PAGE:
—March 1, 1964—
“Anybody who truly loves sport and feels sport, has to prefer this sport to professional sport by a thousand times…”
Reading Fidel y el deporte, you get the impression that every sentence Castro speaks or writes is actually a declaration of what he sees as some ultimate truth. The words have the exuberant edge of a manifesto constantly in the making. In other words, he sounds like a dictator, a person who has come to believe that his own word is indeed sacred, who argues with invisible straw men to prove points nobody had challenged. (Take the faux-wisdom he serves up on ping pong diplomacy: “The work of the politician, of the statesman,” he says, missing the point entirely, “is more like chess than ping pong.”) Never mind that he repeats the same handful of ideas again and again—they’re clearly very important to him, and an essential part of his continued grip on power. In the context of Castro’s political beliefs, it makes sense that he had little choice but to vehemently oppose professional sports. But nobody said he had to become an evangelist for amateurism.
Castro’s basic understanding of sports is that they are inherently good, even detached from large-scale glory. It’s not a particularly controversial attitude: exercise is good for everybody both physically and mentally. Plato said as much. So did your gym teacher. Except that’s not all Castro is saying. He’s also saying that sports are fundamentally better when kept apart from money—that the business side not only ruins their special nature but can have a degenerative effect on the athlete’s sense of pride and competitiveness. True ballplayers, he writes, prefer an adoring public to vast sums of money, now sounding less like a gym teacher and more like Bob Costas during the Olympics, or a delusional NCAA official talking up the chaste nature of amateurism at the college level.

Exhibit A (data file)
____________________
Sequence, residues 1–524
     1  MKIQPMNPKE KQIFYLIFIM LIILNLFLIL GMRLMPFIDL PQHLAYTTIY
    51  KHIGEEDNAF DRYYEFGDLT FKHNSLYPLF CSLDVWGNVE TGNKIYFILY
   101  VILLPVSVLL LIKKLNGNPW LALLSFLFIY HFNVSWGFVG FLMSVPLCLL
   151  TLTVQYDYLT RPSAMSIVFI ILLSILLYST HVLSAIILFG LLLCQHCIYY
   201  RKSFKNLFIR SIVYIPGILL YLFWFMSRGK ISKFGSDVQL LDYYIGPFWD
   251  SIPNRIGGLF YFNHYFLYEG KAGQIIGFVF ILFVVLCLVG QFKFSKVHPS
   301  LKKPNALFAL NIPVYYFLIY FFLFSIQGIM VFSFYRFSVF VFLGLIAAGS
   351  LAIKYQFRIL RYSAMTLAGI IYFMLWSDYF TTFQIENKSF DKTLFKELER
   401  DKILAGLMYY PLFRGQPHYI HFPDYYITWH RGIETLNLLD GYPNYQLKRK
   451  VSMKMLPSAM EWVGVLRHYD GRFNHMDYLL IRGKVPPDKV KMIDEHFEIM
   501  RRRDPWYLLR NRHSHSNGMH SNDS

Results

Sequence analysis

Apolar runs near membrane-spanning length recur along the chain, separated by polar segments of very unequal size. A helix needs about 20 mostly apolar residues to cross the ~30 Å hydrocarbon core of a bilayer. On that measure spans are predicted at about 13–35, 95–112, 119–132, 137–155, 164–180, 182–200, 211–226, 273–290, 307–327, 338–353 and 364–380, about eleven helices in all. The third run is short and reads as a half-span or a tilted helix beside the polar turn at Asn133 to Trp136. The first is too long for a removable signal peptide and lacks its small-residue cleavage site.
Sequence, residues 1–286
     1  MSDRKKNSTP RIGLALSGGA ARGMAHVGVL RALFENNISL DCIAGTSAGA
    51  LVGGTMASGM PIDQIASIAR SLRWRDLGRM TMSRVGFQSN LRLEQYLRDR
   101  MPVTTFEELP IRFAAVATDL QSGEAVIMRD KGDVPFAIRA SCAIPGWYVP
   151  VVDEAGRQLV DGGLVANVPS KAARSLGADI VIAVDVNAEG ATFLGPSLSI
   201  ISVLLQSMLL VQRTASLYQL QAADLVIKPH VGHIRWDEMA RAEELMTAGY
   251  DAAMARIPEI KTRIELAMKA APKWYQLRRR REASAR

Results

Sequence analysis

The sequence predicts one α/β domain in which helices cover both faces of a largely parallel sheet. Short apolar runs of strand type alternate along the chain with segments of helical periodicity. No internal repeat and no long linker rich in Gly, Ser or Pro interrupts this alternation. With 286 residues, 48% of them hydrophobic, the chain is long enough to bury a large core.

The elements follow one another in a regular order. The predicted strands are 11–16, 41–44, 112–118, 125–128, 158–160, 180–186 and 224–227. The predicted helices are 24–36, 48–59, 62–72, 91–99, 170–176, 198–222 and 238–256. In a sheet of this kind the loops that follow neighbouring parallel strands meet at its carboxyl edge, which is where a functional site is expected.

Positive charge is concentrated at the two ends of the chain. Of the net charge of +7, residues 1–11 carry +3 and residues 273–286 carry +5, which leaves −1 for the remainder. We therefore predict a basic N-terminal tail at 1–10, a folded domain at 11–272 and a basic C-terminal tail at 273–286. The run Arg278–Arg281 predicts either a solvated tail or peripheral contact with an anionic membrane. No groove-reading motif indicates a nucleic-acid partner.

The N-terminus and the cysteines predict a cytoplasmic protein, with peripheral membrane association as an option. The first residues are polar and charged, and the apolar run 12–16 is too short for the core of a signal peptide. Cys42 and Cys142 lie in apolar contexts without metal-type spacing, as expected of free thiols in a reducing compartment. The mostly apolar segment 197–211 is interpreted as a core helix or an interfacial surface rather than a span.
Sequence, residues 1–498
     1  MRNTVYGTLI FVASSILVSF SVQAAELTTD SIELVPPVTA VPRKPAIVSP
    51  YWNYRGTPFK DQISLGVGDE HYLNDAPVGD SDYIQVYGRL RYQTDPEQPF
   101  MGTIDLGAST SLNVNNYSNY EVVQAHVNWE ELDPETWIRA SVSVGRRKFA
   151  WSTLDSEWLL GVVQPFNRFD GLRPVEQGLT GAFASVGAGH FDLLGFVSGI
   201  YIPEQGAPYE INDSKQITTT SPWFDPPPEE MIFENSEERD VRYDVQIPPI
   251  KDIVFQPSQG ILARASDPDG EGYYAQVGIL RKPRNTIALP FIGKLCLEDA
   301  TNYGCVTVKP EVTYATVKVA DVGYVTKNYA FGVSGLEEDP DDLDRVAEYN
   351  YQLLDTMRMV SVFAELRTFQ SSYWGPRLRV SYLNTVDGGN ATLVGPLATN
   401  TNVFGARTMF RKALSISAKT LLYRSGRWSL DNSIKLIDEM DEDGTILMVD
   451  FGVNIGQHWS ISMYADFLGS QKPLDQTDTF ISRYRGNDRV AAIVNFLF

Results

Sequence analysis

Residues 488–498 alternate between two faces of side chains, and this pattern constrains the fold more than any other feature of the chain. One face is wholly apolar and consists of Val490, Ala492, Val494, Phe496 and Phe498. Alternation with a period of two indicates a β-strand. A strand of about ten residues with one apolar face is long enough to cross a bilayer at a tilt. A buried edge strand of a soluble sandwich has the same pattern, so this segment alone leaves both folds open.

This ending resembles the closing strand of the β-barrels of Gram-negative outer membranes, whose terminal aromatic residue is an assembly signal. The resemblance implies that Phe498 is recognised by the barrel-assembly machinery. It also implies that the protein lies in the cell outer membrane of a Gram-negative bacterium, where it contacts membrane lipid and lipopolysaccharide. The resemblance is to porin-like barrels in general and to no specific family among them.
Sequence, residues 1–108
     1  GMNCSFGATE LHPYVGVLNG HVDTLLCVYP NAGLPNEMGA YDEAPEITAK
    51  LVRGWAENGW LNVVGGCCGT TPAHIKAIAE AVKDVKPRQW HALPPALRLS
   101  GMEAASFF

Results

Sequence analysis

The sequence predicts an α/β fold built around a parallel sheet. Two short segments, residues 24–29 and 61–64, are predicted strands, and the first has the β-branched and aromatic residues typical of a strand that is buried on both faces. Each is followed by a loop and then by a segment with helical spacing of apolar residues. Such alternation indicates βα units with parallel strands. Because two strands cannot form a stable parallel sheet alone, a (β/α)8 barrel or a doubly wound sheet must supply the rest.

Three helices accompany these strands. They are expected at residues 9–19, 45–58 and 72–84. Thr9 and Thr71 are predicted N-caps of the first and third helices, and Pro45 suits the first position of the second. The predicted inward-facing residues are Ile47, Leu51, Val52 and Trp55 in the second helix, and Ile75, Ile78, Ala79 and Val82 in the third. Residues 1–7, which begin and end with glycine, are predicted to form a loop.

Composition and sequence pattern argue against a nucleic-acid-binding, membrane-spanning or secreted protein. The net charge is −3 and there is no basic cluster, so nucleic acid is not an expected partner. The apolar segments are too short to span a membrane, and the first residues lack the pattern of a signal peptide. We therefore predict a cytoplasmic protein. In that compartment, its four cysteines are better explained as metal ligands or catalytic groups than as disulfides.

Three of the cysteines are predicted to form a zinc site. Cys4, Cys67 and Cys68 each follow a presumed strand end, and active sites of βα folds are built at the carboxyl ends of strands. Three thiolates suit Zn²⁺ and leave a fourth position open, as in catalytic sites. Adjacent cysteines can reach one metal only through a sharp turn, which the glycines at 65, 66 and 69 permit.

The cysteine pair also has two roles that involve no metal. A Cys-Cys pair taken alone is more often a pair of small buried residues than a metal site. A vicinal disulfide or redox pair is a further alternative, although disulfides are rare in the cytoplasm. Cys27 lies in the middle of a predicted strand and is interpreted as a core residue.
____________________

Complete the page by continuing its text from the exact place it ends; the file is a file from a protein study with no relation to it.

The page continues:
Rey Ordoñez would probably disagree with Castro on that front. When he left Cuba for the United States, he departed a country where even the finest ballparks were crumbling for a place where he could make $21 million over an eight-year career during which he would bat a middling .246. His case, of course, is obviously far from typical: most people don’t become major league shortstops. But what about the fans? The Serie Nacional, Cuba’s professional-but-not-professional baseball league, is massively popular, but it’s hard to tell whether that popularity actually has anything to do with the league’s egalitarian nature. The country is baseball mad, and was so long before Fidel Castro took power, but major league games are not broadcast on the island and Internet access is scarce. In fact, many fans I spoke with had formed their opinions about international ballplayers from old video games and the recently concluded World Baseball Classic (Canadian outfielder Michael Saunders, who batted .727 during the WBC, is pretty much Babe Ruth). The Serie Nacional might be beloved simply because it’s the baseball that Cuba has.
—20 de Septiembre de 1971—
“Ustedes cuentan aquí con extraordinarias instalaciones deportivas. En esas instalaciones ustedes deben desarrollar al máximo las actividades deportivas, como parte de la satisfacción de las necesidades del hombre.”
—September 20, 1971—
“You’ve come here, to a place with extraordinary sports facilities. In these facilities you should develop your athletic abilities to their maximum potential, as part of the satisfaction of your human needs.”